The New York Times says that the oil industry is in its “deepest downturn since the 1990s, if not earlier”. The price of a barrel of oil has plummeted, falling more 70 percent since mid-2014, and gas prices at the pump have followed – falling from $2.21 one year ago to $1.70 today (AAA). Unfortunately, a drop in energy prices means a headache for several states that rely heavily on severance taxes for revenue.

A majority of states (35) impose at least one form of severance tax, which is a tax on natural resource extraction. While overall severance taxes don’t make up a large percentage of total state taxes collected – 2.1 percent in 2014 – they have very different impacts across the states. For example, in 2014 severance taxes collected ranged from 72 percent of total tax revenue in Alaska and 54 percent of revenue in North Dakota to less than 1 percent in 18 states. In seven states, severance taxes make up 10 percent or more of total tax collections. 

On Tuesday evening, the U.S. Supreme Court granted a stay that stops implementation of the Environmental Protection Agency's Clean Power Plan until the ongoing legal challenges to the rule are resolved by the courts. The 5-4 decision came in response to a request for stay to the U.S. Supreme Court by over two dozen states, utilities, and other industry advocates after the U.S. Court of Appeals for the D.C. Circuit...

Community solar is a program where a utility or third-party provider constructs a solar array in an external location and a group of participants voluntarily pay for a share of that project. The electricity produced by the array flows to the electricity grid instead of directly to the customers’ homes, but the subscriber receives a benefit for the electricity produced by the array, usually as a credit on their utility bill.

Product stewardship laws have a goal of reducing the environmental, safety and health impacts of consumer products. These laws typically focus on the end-of-life management of these products and generally require the manufacturers to take responsibility for recycling or safely disposing of these products when consumers cease using them. This FREE eCademy webcast featured Chaz Miller, director of policy and advocacy for the National Association of Waste and Recycling, who discussed emerging issues and trends in product stewardship laws in the states.

Produced water is a term used to describe water trapped in underground formations that is brought to the surface during oil and gas exploration and production. Because the water has been in contact with the hydrocarbon-bearing formation for centuries, it carries some of the chemical characteristics of the formation and the hydrocarbon itself. Produced water may include water from the reservoir, water injected into the formation, and any chemicals added during the drilling, production, and treatment processes. Often, produced water is regarded as wastewater, but if managed as a resource rather than a waste for disposal, produced water has the potential to be used beneficially, such as helping to alleviate drought and reducing earthquakes caused by waste water injection. This webinar explores alternative uses and factors that influence the demand for alternative uses, as well as environmental concerns posed by produced water.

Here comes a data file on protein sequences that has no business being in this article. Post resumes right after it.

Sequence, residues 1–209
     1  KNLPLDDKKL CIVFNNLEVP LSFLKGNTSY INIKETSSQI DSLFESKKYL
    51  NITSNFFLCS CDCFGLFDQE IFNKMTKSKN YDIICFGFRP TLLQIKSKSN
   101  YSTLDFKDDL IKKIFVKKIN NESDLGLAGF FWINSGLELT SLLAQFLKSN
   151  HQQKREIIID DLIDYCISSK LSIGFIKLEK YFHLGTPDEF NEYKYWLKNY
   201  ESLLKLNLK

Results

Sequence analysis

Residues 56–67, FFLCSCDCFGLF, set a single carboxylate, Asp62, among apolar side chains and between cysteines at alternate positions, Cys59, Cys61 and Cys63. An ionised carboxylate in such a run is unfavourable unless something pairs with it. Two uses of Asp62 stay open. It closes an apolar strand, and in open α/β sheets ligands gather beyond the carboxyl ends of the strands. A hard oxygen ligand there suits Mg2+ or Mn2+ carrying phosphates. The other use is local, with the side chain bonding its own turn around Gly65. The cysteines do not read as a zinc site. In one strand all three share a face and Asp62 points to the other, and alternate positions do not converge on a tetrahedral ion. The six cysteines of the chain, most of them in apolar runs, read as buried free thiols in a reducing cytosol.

In an 6-2 decision in FERC v. Electric Power Supply Association the Supreme Court ruled that the Federal Energy Regulatory Commission (FERC) has the authority to regulate wholesale “demand response” and that demand response bidders may receive the same compensation as electricity producers.

“Demand response” is a practice in which operators in wholesale markets pay electricity consumers to not use power at certain times.

Energy is more expensive and inefficient to produce at certain times (like hot days). Nonetheless retail electricity rates remain stable providing no incentive for electric consumers to reduce their demand at these times. So, FERC blessed wholesale market operators using demand response to reduce energy use during peak times and to lower wholesale electricity prices.

This Act provides disclosure requirements to be included in agreements for the sale or lease of a distributed energy generating system.

The U.S. Environmental Protection Agency’s, or EPA’s, final Clean Power Plan regulates carbon dioxide emissions from existing fossil fuel-fired power plants under Section 111 of the Clean Air Act. The final version of this regulation, published in October 2015, includes a number of key changes from the proposed rule, including an adjusted state plan and implementation schedule, alterations to the “building blocks” on which individual state targets are based and the promotion of interstate trading options. While the overall Clean Power Plan seeks to reduce carbon dioxide emissions from this sector by 32 percent by 2030, each state faces a different target. This controversial rulemaking (as of Oct. 30, 2015, 26 states had filed legal challenges to the final rule) has prompted states to consider legislation directing how state environmental agencies and other officials respond or comply.

The Clean Power Plan

On Aug. 3, 2015, the U.S. Environmental Protection Agency finalized the Clean Power Plan, which is expected to cut carbon pollution from existing power plants by 32 percent below 2005 levels by 2030. The rule sets target emissions reductions for states and states are responsible for designing their own plans to meet these emissions reductions targets...

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